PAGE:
The history of the Temple Mount in Jerusalem, where King Herod’s temple stood, goes back to Abraham, the father of the Jewish religion, in the 18th century B.C. On this mount where God ordered Abraham to sacrifice his son Isaac, God intervened and a ram was sacrificed instead. This event sanctified for all time the steep rocky summit we call the Temple Mount.
Eventually King David (1000-970 B.C.) captured Jerusalem and placed there the ark of the covenant, a portable chest on top of which the presence of God dwelt between two angels facing each other. This ark was housed in a tent. When King David built himself a beautiful palace, he felt the ark should not just be housed in a small tent, but in a grand temple. David’s son Solomon (970-930 B.C.) eventually built the first temple for the Israelites. This temple was destroyed by the Babylonians from southern Iraq in 587 B.C. Many Israelites were taken into exile in Babylon.
When the Persians from Iran conquered Babylon in 538 B.C., they allowed the Israelites who wished to return to Jerusalem to rebuild the temple. This new temple of Zerubbabel, a Judean prince who organized the rebuilding, was begun in 537 B.C. and dedicated in 515 B.C.
Father John McKenzie says the temple of Zerubbabel was of the same dimensions and structure as the temple of Solomon, but much inferior in the richness of its decorations. Eventually, with the Jewish conflict with their Seleucid or Syrian rulers like Antiochus IV (175-164 B.C.), the temple was probably severely damaged. This temple stood until the beginning of Herod the Great’s new temple in 19 B.C.
The temple of Herod was built on massive quarried blocks still visible today at the Wailing Wall or Western Wall in Jerusalem where many Jews congregate to pray. Often they write out a prayer intention on a small piece of paper and place it in a crack in the wall. Baedeker says that politically Herod wanted to gain the favor of his Jewish subjects, so he rebuilt the temple by combining the requirements of the Jewish religion with elements of the Graeco-Roman style. He extended the area of the temple to its present size of 985 feet by 1,575 feet.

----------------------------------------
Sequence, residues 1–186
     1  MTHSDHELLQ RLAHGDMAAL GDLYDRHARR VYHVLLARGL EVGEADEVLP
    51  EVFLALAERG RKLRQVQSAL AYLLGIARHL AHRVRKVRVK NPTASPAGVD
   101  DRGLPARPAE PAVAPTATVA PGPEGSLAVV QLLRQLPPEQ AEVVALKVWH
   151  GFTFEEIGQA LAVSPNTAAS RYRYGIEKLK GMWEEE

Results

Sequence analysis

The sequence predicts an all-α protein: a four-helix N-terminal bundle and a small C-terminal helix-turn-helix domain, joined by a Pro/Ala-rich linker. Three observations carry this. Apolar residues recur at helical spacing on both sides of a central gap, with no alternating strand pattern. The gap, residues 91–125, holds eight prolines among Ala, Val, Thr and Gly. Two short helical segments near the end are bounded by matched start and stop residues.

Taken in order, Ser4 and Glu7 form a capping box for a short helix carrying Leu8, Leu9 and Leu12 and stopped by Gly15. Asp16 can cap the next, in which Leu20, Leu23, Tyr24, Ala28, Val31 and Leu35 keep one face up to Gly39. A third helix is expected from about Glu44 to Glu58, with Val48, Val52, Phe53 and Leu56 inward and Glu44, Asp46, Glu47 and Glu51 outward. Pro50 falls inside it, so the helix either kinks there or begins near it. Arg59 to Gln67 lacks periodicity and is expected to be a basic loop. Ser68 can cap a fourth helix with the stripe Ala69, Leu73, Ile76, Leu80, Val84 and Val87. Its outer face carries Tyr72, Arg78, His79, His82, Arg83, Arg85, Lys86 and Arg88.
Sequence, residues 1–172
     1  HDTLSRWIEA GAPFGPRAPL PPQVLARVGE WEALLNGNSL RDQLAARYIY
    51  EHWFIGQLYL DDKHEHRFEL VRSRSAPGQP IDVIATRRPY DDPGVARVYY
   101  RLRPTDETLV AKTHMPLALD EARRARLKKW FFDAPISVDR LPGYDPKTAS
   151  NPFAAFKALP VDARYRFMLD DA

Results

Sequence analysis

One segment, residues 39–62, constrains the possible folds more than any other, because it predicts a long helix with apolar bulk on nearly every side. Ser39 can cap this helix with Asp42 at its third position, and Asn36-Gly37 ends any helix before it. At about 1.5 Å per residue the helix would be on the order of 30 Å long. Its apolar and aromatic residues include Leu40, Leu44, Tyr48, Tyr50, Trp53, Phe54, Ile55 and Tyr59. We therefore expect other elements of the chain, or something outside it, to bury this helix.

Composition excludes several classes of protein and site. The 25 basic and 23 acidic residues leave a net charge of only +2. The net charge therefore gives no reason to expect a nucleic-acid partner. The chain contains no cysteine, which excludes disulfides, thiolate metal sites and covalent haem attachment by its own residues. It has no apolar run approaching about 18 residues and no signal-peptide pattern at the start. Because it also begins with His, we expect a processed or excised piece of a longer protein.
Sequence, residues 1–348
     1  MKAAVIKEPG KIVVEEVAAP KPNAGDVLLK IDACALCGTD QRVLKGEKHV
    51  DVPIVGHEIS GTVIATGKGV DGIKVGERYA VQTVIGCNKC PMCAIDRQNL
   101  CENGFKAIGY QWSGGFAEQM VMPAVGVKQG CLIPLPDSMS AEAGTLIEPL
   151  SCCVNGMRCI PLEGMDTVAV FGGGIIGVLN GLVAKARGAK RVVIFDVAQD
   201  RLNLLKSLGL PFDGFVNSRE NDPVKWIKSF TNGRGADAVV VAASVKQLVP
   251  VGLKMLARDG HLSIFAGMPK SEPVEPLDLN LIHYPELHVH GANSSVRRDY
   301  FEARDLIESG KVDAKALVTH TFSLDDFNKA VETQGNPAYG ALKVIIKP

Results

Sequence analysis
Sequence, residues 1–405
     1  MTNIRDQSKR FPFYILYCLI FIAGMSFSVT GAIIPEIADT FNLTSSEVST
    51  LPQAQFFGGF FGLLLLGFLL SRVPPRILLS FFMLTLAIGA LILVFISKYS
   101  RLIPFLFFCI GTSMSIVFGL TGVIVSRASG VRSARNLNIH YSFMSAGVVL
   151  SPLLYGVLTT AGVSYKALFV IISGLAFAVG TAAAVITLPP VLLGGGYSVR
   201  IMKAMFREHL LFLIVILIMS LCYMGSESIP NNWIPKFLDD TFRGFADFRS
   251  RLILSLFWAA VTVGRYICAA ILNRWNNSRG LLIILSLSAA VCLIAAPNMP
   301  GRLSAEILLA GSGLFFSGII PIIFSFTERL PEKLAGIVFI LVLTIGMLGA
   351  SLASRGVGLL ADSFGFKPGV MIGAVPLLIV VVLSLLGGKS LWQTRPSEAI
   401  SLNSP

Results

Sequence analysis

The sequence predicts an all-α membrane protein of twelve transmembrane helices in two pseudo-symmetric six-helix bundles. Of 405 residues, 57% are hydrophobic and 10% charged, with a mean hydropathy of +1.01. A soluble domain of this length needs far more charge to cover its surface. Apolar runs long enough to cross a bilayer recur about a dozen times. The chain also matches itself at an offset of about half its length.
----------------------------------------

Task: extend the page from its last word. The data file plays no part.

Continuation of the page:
The outer forecourt was for temporal business and open to anyone. The inner forecourt was on a higher level and only Jews were allowed access. It was divided into three parts: the Women’s Courtyard, the Courtyard of the male Israelites with the incense offering, and the Priests’ Courtyard with an altar on which animals were sacrificed. In the center was the temple with a white marble façade and golden capitals. The temple of Herod maintained the threefold division of Solomon’s temple: the vestibule, the holy place and the holy of holies.
The holy place contained the altar of incense, the seven-branched lampstand, and the table of the shewbread or consecrated unleavened bread. The holy of holies was empty and dark and entered only by the high priest once a year on the Day of Atonement, the 10th day of the seventh month.
Father McKenzie says King Herod put 10,000 men to work and trained 1,000 priests as masons so they could work on the most sacred parts of the temple. The building was begun in 19 B.C. and finished in 10 years, but the work of decoration was not completely finished until A.D. 64. Six years later in A.D. 70, the Romans burned down and destroyed the temple at Jerusalem and it has never been rebuilt since.
Later on the Christian emperor Justinian (A.D. 527-564) built a church to the Blessed Virgin Mary on the Temple Mount. The Muslim caliph Al Walid I (A.D. 705-715) turned Justinian’s church into the El Aqsa Mosque that is there today. Earlier his father the Muslim caliph Abd el Malik (A.D. 687-691) built the Dome of the Rock over the spot where Abraham tried to sacrifice Isaac. This golden-domed structure is there today. The Muslims say that from this rock Mohammed ascended into seven heavens and then returned to Mecca.
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